In addition to automatic sprinkler equipment that might be present, charging areas should be equipped with a suitable hand-operated fire extinguisher. Consult local fire authorities or your insurance carrier for the class and size needed and for recommended mounting locations.


The ventilation system in a charging room should conform to local codes and ordinances. If the average hydrogen concentration throughout the charging room does not exceed 1% by volume, the ventilation is considered to be satisfactory. (Concentrations between 4% and 74% are explosive.) A variety of instruments such as combustible gas indicators and flammable vapor indicators are commercially available for continuous and automatic analysis of hydrogen concentrations in the air. Contact HAWKER® if more information on these indicators is desired.

When charging an enclosed or covered battery, whether it remains in the truck or is placed on the rack, always keep the battery tray cover and the truck compartment cover OPEN throughout the entire charging period. Opening the covers helps to cool the battery and disperse the gases.

Vent caps stay in

Keep the vent caps closed and in the cells at all times, except when removal is necessary to service or repair the cells. This precaution reduces the probability of electrolyte splash and prevents foreign matter from entering and damaging the cells.

The gases given off by a lead-acid storage battery on charge are due to the electrolytic breakdown (electrolysis) of water in the electrolyte to produce hydrogen and oxygen. Gaseous hydrogen is produced at the negative plate, while oxygen is produced at the positive. Hydrogen is the gas which is potentially problematic. It will burn explosively when ignited if the air contains between 4% and 74% hydrogen (less than 4% or more than 74% hydrogen will not explode). Hydrogen, which is the lightest known gas, is 14 times lighter than air and rises and disperses very rapidly.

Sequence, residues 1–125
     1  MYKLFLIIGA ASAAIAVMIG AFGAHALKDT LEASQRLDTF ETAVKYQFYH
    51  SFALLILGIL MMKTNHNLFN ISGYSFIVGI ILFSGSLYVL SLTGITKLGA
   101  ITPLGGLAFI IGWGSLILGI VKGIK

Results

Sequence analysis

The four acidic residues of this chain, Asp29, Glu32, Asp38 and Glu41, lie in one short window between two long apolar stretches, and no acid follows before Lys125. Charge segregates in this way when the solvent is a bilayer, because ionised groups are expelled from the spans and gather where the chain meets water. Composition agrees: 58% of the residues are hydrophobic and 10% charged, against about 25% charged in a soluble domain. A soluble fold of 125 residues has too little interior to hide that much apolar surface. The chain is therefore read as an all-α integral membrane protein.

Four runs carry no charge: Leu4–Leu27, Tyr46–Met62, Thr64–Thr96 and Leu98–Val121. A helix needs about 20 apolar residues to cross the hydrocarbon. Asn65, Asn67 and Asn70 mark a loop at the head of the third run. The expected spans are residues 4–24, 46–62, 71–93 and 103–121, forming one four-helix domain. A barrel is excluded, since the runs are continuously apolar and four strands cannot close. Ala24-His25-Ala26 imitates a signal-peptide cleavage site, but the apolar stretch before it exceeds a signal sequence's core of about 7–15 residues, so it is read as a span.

Normally, insignificant quantities of gases are released by a battery during the first part of the charge, as most of the charging current is used in charging the battery. Only during the last stages of the charge does the process become inefficient, so that an increasing portion of the current is used up by the creation of heat and gases.

If, instead of being used to charge the battery, an ampere-hour of charge is used completely to produce gas, it will create 0.01474 cubic feet, or 0.418 liters, of hydrogen per cell at standard temperature and pressure. Stated another way, 68 AH of charge, used completely to produce gas, will create approximately one cubic foot of hydrogen per cell.

To determine exactly how much hydrogen is released by a battery at any moment of the charge is rather difficult, as each case will be different. However, the total amount released may be approximated by the following method. It is based on the concept that a completely discharged 100 AH battery requires 100 AH of charge to bring it to full charge, plus overcharge needed to make up for inefficiencies of charging such as heating and gassing.